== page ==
A couple weeks ago I had an article published in Publishers Weekly about third-way publishing, something I've blogged about SheWrites.com. A lot of the comments, especially those that stirred me up, had to do with terms -- who gets to call themselves what; how She Writes Press is or isn't different from self-publishing. The article was timely because just one week later, Amazon's John Fine spoke at the Publishing for Digital Minds conference in London, where he noted that the term "self-publishing" may have outlived its usefulness.
The book industry is full of people who care about words. Editors can spend weeks brainstorming book titles; marketing heads spend countless hours on author positioning, sometimes in an effort to nail down a single tagline or hook. Conscientious authors belabor sentences and agonize over word choices. So it shouldn't be a surprise to any of us that so much ink is spilled over terms.
And yet there aren't many terms more controversial than "self-publishing" (other than "vanity publishing," I suppose). As new models like ours emerge, they're trying to distance themselves from self-publishing, for reasons that are probably obvious. Self-publishing is a free-for-all. For every successful self-published book, there are thousands of books riddled with problems -- ranging from books that were published before they were ready to books with no editing and bad design, books that have failed to meet even the simplest publishing protocols.
Self-published authors themselves have tried to distance themselves from the term by calling themselves "indie." But I've always taken issue with this because I come out of traditional publishing, and indie publishing is and has been (for years) a term used by independently owned (as opposed to corporate) presses. I grew up working for indie presses: North Atlantic Books and Seal Press. So self-published authors taking that term for themselves feels a little like a new sandwich franchise popping up and trying to call itself Subway.
At the heart of this desire to re-term ourselves is the fact that self-publishing still carries a stigma, and yet we'll never get to distance ourselves from it completely, no matter how much momentum we might be able to muster, and that's because in addition to being a free-for-all, self-publishing is also a catch-all. To explain what self-publishing is in relation to other models, I'll give a memoir analogy. When my memoir students ask me what the difference is between memoir and creative nonfiction, my standard answer is this: "All memoir is creative nonfiction, but not all creative nonfiction is memoir." The same holds true for the difference between self-publishing and hybrid publishing (and any other term you want to apply this to --partnership publishing, third-way publishing, indie publishing, author-assisted publishing). All hybrid publishing is self-publishing, but not all self-publishing is hybrid publishing. What this means, of course, is that there are many ways to self-publish, and hybrid publishing is just one avenue.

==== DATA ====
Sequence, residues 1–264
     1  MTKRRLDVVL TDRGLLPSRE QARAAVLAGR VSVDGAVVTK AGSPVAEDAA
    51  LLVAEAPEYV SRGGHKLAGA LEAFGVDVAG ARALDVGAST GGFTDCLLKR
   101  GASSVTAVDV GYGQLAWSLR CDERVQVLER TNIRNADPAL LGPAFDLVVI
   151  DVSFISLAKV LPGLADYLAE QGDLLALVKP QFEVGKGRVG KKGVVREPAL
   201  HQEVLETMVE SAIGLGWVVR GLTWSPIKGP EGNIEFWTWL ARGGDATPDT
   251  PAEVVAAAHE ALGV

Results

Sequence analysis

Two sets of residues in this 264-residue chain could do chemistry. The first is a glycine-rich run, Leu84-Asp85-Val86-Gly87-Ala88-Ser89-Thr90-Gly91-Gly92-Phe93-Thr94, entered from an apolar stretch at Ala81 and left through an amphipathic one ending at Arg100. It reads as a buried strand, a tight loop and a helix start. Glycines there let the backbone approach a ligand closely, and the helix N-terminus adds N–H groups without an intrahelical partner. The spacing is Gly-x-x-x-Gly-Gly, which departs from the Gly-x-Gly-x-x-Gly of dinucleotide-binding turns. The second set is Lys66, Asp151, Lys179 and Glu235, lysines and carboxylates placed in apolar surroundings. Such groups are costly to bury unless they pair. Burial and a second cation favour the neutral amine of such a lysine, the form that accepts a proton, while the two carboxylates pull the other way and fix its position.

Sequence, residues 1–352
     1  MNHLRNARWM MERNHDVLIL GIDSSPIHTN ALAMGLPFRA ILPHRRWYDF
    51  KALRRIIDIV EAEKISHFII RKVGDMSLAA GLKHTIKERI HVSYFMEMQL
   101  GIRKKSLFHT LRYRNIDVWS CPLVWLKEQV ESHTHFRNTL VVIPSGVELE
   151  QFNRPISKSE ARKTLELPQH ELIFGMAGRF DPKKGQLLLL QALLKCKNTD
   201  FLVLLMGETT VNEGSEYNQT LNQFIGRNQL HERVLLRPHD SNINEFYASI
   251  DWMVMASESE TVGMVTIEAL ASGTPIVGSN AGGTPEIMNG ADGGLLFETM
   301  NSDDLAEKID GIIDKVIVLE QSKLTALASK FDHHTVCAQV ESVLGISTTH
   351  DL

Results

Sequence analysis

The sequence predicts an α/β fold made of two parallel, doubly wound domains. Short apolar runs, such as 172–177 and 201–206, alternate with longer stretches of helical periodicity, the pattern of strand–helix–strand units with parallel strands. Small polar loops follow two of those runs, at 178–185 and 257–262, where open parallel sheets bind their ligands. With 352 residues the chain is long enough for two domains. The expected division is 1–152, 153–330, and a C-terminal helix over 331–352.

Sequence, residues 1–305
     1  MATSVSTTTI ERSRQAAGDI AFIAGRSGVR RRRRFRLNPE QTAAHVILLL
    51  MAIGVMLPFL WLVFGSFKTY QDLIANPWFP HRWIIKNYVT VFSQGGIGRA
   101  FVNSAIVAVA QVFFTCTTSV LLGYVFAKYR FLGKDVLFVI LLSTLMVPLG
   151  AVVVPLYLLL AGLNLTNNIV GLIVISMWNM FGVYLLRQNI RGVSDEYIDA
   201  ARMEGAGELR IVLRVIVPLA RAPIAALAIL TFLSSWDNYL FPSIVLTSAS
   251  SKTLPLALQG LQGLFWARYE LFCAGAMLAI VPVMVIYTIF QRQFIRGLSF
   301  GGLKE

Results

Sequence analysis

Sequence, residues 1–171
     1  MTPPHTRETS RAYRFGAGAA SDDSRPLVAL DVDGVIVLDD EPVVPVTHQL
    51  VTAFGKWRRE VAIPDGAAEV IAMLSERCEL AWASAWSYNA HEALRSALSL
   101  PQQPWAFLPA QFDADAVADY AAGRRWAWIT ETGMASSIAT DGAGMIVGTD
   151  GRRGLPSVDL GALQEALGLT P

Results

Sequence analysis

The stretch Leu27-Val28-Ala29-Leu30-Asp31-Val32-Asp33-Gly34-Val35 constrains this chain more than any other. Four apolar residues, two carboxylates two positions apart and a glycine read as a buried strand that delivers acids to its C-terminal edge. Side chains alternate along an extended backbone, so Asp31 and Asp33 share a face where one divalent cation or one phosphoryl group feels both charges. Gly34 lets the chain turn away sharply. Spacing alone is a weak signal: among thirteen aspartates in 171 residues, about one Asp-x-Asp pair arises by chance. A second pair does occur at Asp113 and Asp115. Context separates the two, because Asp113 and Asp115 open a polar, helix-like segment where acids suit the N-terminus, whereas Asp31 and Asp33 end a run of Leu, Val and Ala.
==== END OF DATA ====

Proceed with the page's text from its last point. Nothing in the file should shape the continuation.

Self-publishing speaks to one commonality only: that the author puts up the money for his or her own work. Although I've been forced to some extent to differentiate She Writes Press's model from self-publishing (just as I have from traditional publishing) so that people understand how it's different, I'd rather spend my efforts on changing the current way the industry thinks about author-subsidization as dirty.
This is a much more important conversation, because we are the 99 percent. Most authors pay for some portion of their editing, production, and/or printing. Most authors are putting money toward publicity. We are all, therefore, self-supporting, and if we were to look at all things equally, we'd discover that many traditional models have had systems in place whereby authors pay for their work through shared costs and revenue sharing. I personally don't take issue with the term "self-publishing," and I'm proud to be an author who subsidized my own book, who's now reaping profits from my investment in myself. The problem with trying to re-term and invent new labels to make ourselves feel better misses a larger point, anyway, which is that there's only one label that really matters: "published author."
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